Turkey launches operation in Syria ‘for security’
Turkey has announced the beginning of a new military operation into Idlib province in Syria as part of a deal with Russia and Iran, in an attempt to create de-escalation zones and also prevent Syrian Kurdish groups from building a “terror corridor” along the Syrian border toward the Mediterranean Sea.
The Turkish Armed Forces on early Oct. 8 shelled positions in jihadist-controlled Idlib in support of the advance of Free Syrian Army (FSA) fighters on the ground, a day after Ankara announced the start of an operation there.
Military sources said howitzers on the border fired around five shots in support of FSA fighters who had entered Idlib, which is largely controlled by Hayat Tahrir al-Sham (HTS), a former al-Qaeda affiliate that changed its name last year from the Nusra Front.
There was no official confirmation on the news that the TSK troops had entered into Syria, though some local sources claimed that minor clashes between Turkish troops and jihadist groups have already been observed.
“The [operation] process, which began yesterday and started to be implemented today, is continuing together with the Free Syrian Army without any problems,” President Recep Tayyip Erdoğan said in his address at a ruling Justice and Development Party (AKP) strategic planning camp on Oct. 8.
Erdoğan underlined that the operation into Idlib, just like the Euphrates Shield Operation, is part of Ankara’s strategy to eliminate security threats at their source.
“When we don’t go to Syria, Syria comes to us,” he said, referring to security problems that Turkey has suffered in recent years because of the presence of the Islamic State of Iraq and the Levant (ISIL) along the border as well as three million Syrian refugees in the country.
“Let’s not fool ourselves. We should be aware of the reality. We have a 911-kilometer border with Syria. And there is very serious preliminary work in the making of a state. We were already late [in stopping this]. But if we remain silent then this will happen,” he said, referring to the Syrian Kurdish People’s Protection Units (YPG) in northern Syria. The YPG has already expanded its territories in recent years while fighting against the ISIL with support of the United States.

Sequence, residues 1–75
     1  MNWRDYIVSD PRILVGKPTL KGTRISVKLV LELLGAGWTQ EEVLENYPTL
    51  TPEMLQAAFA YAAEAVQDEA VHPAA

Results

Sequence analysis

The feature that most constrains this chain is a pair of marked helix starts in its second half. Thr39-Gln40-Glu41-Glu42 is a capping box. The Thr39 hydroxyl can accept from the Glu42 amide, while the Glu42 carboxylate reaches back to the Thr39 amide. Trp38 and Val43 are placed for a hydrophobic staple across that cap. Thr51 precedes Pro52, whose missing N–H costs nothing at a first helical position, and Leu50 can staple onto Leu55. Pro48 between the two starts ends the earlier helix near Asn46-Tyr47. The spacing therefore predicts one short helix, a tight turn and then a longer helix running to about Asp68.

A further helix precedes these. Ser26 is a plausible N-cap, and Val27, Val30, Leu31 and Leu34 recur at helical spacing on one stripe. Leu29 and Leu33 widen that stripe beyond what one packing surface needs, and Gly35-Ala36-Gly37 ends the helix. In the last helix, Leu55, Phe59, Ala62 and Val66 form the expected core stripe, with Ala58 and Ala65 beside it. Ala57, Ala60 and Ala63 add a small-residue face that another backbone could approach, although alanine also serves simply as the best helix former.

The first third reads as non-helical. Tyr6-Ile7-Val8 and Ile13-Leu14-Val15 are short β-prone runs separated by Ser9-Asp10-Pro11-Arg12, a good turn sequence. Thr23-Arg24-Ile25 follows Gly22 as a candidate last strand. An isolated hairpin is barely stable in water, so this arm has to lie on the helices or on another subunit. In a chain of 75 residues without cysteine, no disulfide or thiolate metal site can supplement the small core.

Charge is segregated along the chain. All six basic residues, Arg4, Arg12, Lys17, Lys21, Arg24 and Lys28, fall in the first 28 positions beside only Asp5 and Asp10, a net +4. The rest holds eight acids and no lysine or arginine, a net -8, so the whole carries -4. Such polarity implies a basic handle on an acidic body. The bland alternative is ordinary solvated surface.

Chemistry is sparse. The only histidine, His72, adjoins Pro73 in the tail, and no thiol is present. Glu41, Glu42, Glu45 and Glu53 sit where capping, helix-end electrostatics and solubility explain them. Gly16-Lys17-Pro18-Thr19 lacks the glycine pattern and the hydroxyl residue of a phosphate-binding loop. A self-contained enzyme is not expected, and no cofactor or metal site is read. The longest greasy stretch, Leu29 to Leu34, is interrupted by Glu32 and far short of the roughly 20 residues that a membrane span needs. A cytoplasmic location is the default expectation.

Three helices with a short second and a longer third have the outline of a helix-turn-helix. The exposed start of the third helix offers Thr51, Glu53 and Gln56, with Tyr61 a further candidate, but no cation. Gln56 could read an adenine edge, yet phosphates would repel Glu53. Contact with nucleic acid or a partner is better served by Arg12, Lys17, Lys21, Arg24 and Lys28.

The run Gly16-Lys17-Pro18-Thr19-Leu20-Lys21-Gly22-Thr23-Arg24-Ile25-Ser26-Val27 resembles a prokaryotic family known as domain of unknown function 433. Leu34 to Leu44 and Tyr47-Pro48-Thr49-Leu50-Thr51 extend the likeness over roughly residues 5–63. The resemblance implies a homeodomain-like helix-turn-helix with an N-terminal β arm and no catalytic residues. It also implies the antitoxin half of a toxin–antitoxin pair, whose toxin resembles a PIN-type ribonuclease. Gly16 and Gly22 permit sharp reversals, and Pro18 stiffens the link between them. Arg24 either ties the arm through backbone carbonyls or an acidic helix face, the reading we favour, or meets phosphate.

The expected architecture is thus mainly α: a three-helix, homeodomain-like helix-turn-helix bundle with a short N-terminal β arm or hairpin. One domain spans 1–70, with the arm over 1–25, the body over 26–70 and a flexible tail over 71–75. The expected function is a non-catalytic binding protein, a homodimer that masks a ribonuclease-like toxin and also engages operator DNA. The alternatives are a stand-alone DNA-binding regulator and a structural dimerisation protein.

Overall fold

“We are obliged to break this terror corridor from the east toward the Mediterranean. We cannot tolerate this. Otherwise we’ll suffer from another Kobane [incident]. We don’t want that and we won’t allow it,” Erdoğan said.
In late 2014 there were widespread demonstrations in southeast Turkey against the Ankara government’s alleged passivity in the face of ISIL’s siege on the YPG-held town of Kobane.
Erdoğan also vowed that Turkey “will not allow itself to be threatened” through incidents in both Iraq and Syria, citing the Iraqi Kurdistan Regional Government’s (KRG) recent independence bid.
“Both our hearts and arms are open to those who show friendship to us. But to those who feed enmity towards us I should repeat: ‘We may come suddenly one night,’” he said, echoing a popular nationalist phrase.
Turkey cooperating with Russia
Turkey’s diplomatic moves are also continuing with the start of the Idlib operation. In his address to the AKP camp, Prime Minister Binali Yıldırım underlined that Ankara is in close cooperation with Russia during the operation and vowed to “provide security in Idlib.”
Turkey aims to prevent conflict in Syria’s northwestern Idlib, said Foreign Minister Mevlüt Çavuşoğlu late on Oct. 7.
Çavuşoğlu spoke with Iranian Foreign Minister Javad Zarif on the phone late on Oct. 7 as the other guarantor country of the Astana process.
Turkey eyes Geneva process
“Regarding Idlib we have arrived at an agreement in Astana because we want to prevent conflict in these areas through a de-conflict zone,” he said, describing Astana as a “platform for increasing confidence-building measures and ending conflict.”
“Our aim now is to revive the Geneva process,” he added.
The Geneva process is a U.N.-led international mechanism that aims to find a political solution to the long-running Syrian war.
The process aims to create a transitional government with the task of rewriting the constitution and holding elections.
During a meeting in the Kazakh capital Astana on May 4, the guarantor countries - Russia, Turkey and Iran - signed a deal to establish de-escalation zones in Syria. The three guarantor states, as well as representatives of the Damascus-based Assad regime and some opposition factions, met in Astana in September for a sixth round of talks aimed at ending the six-year conflict.
A December cease-fire in Syria brokered by the three countries led to the Astana talks, held in parallel to the U.N.-backed discussions in Geneva to find a political solution to the conflict.
Syria has been locked in a vicious civil war since 2011, when the al-Assad regime ferociously cracked down on protests. Since then, hundreds of thousands of people have been killed in the conflict, according to the U.N.